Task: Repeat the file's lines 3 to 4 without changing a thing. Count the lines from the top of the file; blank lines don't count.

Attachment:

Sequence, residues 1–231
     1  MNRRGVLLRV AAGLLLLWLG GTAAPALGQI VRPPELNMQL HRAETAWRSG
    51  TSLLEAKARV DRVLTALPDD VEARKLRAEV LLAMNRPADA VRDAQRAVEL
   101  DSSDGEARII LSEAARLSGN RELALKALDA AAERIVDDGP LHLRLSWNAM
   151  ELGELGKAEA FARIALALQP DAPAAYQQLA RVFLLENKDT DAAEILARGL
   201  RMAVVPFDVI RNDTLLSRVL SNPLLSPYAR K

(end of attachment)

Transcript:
    51  TSLLEAKARV DRVLTALPDD VEARKLRAEV LLAMNRPADA VRDAQRAVEL
   101  DSSDGEARII LSEAARLSGN RELALKALDA AAERIVDDGP LHLRLSWNAM